Bitcoin was originally designed as a peer-to-peer electronic cash system, but its potential as an expanding asset ended up superseding its original purpose. In a peer-to-peer electronic cash system, online payments are sent directly from one person to another without using a bank or another financial institution as an intermediate.
Bitcoin Has A Scalability Problem
One reason that Bitcoin has had trouble taking off as a payment method is that the popular cryptocurrency has a scalability problem. The current block size of 1MB is too small to manage the large amounts of transactions taking place on the Bitcoin network. The insufficient size of the block limits the number of transactions that the network can process. Consequently, transactions are written to the blockchain at a rate that is much slower than the rate users are creating the transactions. Over time, this leads to backlog. In mid-November, the digital currency had a backlog of more than 135,000 unconfirmed transactions.
Could a Lightning Network be the solution?
People have been experimenting with ways to enable Bitcoin to more effectively perform its original purpose. One proposed solution focuses on lightning networks. The hope is that a lightning network would greatly reduce the volume of transactions miners have to process.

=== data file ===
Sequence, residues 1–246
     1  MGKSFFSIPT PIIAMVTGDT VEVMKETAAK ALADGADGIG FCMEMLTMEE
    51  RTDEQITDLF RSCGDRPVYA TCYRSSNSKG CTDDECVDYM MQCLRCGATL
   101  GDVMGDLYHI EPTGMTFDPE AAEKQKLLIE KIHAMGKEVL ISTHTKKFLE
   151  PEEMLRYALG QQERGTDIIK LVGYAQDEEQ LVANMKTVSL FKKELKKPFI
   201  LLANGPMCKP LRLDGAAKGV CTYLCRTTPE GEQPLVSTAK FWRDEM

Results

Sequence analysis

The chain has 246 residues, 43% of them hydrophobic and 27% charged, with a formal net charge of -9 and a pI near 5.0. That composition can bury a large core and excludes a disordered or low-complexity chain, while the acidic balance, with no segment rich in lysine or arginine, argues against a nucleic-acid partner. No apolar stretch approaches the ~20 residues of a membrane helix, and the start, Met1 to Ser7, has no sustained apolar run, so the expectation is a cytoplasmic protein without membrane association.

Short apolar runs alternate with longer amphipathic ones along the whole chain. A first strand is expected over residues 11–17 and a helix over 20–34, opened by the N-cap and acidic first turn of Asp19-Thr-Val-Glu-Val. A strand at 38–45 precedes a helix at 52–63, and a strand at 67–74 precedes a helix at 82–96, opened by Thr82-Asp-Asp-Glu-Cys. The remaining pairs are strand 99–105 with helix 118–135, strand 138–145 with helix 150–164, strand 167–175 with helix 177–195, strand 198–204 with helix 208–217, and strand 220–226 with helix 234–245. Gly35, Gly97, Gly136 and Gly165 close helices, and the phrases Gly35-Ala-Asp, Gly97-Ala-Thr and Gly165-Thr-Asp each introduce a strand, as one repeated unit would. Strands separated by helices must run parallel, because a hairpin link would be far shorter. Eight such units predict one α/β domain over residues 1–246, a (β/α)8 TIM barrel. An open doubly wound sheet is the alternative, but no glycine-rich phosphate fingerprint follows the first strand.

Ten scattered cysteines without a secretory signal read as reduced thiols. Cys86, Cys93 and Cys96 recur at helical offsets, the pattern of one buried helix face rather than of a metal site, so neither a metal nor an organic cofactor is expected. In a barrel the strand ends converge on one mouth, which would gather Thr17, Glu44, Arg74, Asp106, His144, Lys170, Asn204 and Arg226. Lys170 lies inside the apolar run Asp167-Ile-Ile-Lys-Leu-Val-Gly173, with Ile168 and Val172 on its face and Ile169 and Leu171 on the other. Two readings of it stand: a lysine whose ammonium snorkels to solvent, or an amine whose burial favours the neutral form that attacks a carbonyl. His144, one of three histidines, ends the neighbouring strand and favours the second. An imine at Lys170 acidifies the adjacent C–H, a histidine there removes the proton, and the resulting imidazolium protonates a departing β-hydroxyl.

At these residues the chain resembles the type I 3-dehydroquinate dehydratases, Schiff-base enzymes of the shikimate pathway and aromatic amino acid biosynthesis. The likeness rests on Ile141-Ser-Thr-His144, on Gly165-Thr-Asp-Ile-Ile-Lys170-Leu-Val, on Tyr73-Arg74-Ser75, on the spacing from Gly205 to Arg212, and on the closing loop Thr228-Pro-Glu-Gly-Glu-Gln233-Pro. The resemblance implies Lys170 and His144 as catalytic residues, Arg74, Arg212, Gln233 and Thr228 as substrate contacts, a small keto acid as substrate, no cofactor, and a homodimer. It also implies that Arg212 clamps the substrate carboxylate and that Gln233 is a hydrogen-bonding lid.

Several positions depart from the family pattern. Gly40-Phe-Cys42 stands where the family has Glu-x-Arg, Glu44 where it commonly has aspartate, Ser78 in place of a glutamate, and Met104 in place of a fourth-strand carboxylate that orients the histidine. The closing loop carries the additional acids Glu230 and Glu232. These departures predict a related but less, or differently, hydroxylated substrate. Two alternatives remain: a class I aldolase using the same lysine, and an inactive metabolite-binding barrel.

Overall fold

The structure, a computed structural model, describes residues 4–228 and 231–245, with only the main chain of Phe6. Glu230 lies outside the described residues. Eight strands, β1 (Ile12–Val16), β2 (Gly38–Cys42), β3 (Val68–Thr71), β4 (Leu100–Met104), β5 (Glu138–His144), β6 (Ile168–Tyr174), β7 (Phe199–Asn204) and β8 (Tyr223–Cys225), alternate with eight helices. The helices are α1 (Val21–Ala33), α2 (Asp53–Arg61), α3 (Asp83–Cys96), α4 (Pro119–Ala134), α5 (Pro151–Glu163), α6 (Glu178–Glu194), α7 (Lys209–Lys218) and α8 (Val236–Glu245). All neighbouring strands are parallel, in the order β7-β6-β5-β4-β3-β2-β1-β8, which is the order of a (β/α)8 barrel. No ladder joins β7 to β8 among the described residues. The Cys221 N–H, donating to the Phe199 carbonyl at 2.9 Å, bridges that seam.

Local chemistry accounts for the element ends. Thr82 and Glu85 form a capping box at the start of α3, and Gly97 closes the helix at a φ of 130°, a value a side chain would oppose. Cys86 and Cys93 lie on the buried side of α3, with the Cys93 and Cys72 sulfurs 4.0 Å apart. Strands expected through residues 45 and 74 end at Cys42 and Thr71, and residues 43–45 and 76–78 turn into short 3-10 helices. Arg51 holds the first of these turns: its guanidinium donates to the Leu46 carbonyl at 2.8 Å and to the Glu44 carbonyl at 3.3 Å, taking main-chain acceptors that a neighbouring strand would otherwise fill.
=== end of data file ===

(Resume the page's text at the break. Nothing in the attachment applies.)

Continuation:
On a lightning network, only the final results of transactions between peers is recorded, rather than every single transaction. This distinction would allow for transactions to be confirmed immediately. Users would no longer have to wait weeks to have their transactions validated. Litecoin is currently undergoing a test-run for a lightning network.
Transaction fees are another problem. Someone willing to spend million on luxury items, such as cars and art, will more readily pay a $20 transaction fee. But most people don’t want to pay a high transaction fee when they’re buying food and other small, daily purchases. A lightning network could also reduce transaction fees by making the transaction process more efficient.